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Results of the 2021 Wellbeing Diagnostic survey Switzerland

Ambitious plans need great enablers


By Indra Diederichs | June 24, 2021

Health, safety and wellbeing of employees has become a major focus area for many companies.

The COVID-19 pandemic caught the world off-guard and served as a wakeup call on various levels. Now, more than ever, the health, safety and wellbeing of employees has become a major focus area for many companies. Fragmented programs that are provided without an articulated wellbeing strategy, and that act as band aids for short-term concerns are no longer enough to address the changing needs and demographics of today’s employees. A proactive and holistic approach to wellbeing is required to produce a positive business outcome.

To better understand organisations’ approaches to Wellbeing in the workplace, Willis Towers Watson fielded the Wellbeing Diagnostic Survey in Europe between March and April 2021. A total of 206 employers shared their views representing the opinion of 1.3 M employees globally at responding organisations.

In Switzerland 51 employers from a diverse range of industries took part, representing the opinion of 431k global employees, with 90% of the participating employers operating in multiple countries (Figure 1).

Figure 1: Industries represented in the Swiss Employer Wellbeing Diagnostic Survey
Figure 1: Industries represented in the Swiss Employer Wellbeing Diagnostic Survey

Swiss employers seem to recognize the need for action. Whereas more than half of the participating organisations are saying that they offer various wellbeing programmes, they do not have a formally articulated strategy in place. This picture is expected to change dramatically, with an ambitious two third of the employers are planning on not only having a strategy in place, but to also use it to cater for the diverse needs of employees and as a differentiator to compete for talent in the next three years. When it comes to effectively executing a wellbeing programme, lack of internal resources, rising costs, and financial support are a challenge for companies to overcome.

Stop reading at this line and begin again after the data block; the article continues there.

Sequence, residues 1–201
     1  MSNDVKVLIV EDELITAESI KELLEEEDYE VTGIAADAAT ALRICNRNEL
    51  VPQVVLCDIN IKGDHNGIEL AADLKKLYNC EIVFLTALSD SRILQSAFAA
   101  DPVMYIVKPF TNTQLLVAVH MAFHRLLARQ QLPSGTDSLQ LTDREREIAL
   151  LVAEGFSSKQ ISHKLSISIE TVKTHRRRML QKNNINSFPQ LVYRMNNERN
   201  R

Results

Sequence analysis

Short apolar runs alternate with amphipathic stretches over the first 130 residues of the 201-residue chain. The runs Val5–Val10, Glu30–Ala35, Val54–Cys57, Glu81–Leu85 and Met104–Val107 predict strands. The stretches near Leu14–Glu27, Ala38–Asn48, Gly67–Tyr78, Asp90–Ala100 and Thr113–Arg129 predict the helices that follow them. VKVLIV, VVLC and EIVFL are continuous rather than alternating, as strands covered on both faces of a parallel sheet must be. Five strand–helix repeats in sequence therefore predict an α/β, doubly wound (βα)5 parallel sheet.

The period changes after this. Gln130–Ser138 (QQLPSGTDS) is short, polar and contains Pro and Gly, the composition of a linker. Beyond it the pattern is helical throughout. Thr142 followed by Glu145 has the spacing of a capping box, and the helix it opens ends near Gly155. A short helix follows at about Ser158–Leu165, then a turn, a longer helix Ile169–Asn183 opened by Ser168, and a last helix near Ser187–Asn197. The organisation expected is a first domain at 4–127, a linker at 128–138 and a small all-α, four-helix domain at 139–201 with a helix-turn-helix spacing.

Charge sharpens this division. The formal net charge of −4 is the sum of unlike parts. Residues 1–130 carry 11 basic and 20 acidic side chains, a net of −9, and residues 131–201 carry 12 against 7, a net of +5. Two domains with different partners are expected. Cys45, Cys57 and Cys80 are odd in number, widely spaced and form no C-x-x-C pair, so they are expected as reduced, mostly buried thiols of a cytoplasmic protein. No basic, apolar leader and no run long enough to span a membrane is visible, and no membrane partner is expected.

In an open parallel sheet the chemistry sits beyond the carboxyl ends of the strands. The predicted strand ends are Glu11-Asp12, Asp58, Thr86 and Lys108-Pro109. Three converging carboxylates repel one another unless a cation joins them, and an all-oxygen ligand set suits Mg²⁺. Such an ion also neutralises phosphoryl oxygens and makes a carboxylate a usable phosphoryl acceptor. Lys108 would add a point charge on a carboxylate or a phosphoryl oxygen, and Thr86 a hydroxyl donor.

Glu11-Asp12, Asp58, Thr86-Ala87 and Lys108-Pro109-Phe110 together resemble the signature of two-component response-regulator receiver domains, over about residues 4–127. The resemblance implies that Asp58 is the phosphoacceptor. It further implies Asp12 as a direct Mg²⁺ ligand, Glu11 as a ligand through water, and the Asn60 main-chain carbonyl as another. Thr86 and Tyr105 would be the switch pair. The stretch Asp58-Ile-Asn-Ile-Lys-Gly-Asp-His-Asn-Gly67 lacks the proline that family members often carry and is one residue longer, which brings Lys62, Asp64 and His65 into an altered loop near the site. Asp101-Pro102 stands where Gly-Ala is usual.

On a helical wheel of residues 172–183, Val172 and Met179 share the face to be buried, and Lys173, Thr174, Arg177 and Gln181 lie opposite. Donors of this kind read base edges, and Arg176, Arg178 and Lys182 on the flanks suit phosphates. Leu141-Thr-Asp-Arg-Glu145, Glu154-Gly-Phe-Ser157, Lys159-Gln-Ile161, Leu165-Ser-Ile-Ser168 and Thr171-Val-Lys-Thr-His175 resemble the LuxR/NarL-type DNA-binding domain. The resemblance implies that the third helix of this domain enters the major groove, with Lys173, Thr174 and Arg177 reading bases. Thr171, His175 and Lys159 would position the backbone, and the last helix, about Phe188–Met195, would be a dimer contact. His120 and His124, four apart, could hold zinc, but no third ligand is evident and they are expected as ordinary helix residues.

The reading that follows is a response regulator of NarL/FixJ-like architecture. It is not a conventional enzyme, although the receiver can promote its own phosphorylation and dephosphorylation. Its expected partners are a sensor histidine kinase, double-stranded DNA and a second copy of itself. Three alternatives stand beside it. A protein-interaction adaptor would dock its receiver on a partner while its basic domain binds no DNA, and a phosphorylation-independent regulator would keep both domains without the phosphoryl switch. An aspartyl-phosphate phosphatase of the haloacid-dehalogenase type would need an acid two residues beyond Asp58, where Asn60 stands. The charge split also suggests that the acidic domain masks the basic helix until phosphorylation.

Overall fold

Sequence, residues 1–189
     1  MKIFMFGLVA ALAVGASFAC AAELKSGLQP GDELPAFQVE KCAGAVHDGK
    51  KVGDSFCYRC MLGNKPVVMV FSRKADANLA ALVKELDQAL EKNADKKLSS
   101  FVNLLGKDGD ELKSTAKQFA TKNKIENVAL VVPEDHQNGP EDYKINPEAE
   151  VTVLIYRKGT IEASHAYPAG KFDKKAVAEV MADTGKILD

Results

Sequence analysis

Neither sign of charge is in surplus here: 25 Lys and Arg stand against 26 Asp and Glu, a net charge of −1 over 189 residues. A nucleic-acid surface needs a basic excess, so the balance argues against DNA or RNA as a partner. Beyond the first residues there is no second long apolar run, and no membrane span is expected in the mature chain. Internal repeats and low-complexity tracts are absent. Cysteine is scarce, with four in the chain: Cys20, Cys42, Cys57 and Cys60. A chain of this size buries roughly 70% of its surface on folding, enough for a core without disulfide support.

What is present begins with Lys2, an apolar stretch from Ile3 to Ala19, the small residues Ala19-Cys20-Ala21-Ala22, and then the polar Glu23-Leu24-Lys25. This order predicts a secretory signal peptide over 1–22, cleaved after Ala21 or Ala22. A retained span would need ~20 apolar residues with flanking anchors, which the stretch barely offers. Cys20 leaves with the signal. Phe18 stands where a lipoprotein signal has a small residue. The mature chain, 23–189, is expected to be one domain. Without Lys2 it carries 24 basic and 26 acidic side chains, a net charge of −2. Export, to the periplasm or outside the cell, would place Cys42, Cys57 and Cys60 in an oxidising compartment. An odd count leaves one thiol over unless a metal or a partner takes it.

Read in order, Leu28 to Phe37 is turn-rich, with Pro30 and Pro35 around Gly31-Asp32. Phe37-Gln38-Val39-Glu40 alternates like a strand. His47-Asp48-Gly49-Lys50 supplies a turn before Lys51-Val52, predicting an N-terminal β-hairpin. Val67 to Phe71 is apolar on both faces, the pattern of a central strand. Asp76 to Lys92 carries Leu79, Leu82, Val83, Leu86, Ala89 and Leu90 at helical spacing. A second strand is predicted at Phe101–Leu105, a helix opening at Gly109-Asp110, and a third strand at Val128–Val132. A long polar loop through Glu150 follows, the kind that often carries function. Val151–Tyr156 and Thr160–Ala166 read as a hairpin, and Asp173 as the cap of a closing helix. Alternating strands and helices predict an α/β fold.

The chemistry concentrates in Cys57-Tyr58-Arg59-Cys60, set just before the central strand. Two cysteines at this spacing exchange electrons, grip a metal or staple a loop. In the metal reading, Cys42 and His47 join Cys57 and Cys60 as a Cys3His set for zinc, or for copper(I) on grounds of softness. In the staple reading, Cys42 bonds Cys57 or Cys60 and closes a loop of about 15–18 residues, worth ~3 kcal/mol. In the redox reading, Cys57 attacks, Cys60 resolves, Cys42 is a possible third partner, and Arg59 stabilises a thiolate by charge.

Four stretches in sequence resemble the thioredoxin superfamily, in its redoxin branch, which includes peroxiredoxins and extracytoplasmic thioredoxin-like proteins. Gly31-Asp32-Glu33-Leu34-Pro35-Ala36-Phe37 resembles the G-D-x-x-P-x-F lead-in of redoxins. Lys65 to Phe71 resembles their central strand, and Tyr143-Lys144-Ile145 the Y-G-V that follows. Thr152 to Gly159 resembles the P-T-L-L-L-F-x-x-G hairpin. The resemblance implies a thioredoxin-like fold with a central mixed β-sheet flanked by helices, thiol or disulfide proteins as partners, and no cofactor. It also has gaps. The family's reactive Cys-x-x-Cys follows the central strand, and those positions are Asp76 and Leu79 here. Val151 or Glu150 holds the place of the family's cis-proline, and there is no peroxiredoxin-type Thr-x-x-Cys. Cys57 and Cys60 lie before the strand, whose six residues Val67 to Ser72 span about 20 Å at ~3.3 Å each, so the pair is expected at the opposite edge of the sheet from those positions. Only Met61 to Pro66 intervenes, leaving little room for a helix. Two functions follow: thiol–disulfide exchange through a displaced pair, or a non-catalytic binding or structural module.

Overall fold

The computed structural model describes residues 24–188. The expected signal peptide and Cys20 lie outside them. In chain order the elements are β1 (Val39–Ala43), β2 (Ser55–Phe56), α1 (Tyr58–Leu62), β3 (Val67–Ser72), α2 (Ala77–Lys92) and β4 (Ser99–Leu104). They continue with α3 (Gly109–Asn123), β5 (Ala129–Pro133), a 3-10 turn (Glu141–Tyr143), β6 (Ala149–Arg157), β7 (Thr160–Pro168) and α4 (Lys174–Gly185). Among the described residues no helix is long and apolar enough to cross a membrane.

Looking at current workforce problems, employers are citing stress and mental health issues as growing problems. Although previously recognized, both even seem to have increased in these unprecedented times.

Swiss employers continue to expand their offerings towards a holistic approach to address physical, emotional, financial and social aspects of wellbeing. Reacting to the top cited workforce problems, they put an increased emphasis on emotional wellbeing (Figure 2).

Figure 2: Priorities over the next three years

Note: Percentages indicate “Important” or “Very important”.

Source: 2021 Wellbeing Diagnostic Survey, Switzerland.

Figure 2: Priorities over the next three years

Developing an employee experience that is engaging and connects employees with diverse needs seems to be as important. Ideally, the employee should be served like a customer. Accordingly, a consumer-centric communication, and an enhanced physical and technological environment, will help to boost employee engagement in any wellbeing offering with an impact on an individual’s health.

Use of data and analytics continues to expand with a priority towards employee listening strategies to better understand employee needs. This seems to be very important to reveal any potential disconnect between the employers’ and employees’ view. The use of a variety of financial and non-financial measures remains low with opportunities to expand.

A demonstrated positive business impact, which has been reported by high wellbeing effectiveness respondents in the survey in terms of more productive employees, can help to secure leadership buy-in.

Even before the Covid-19 pandemic, consulting practice showed that Switzerland clearly has some catching up to do in terms of wellbeing and employee health management. However, the results of the study are promising that this will change in the near future with the topic of wellbeing being on top of the employers’ mind.


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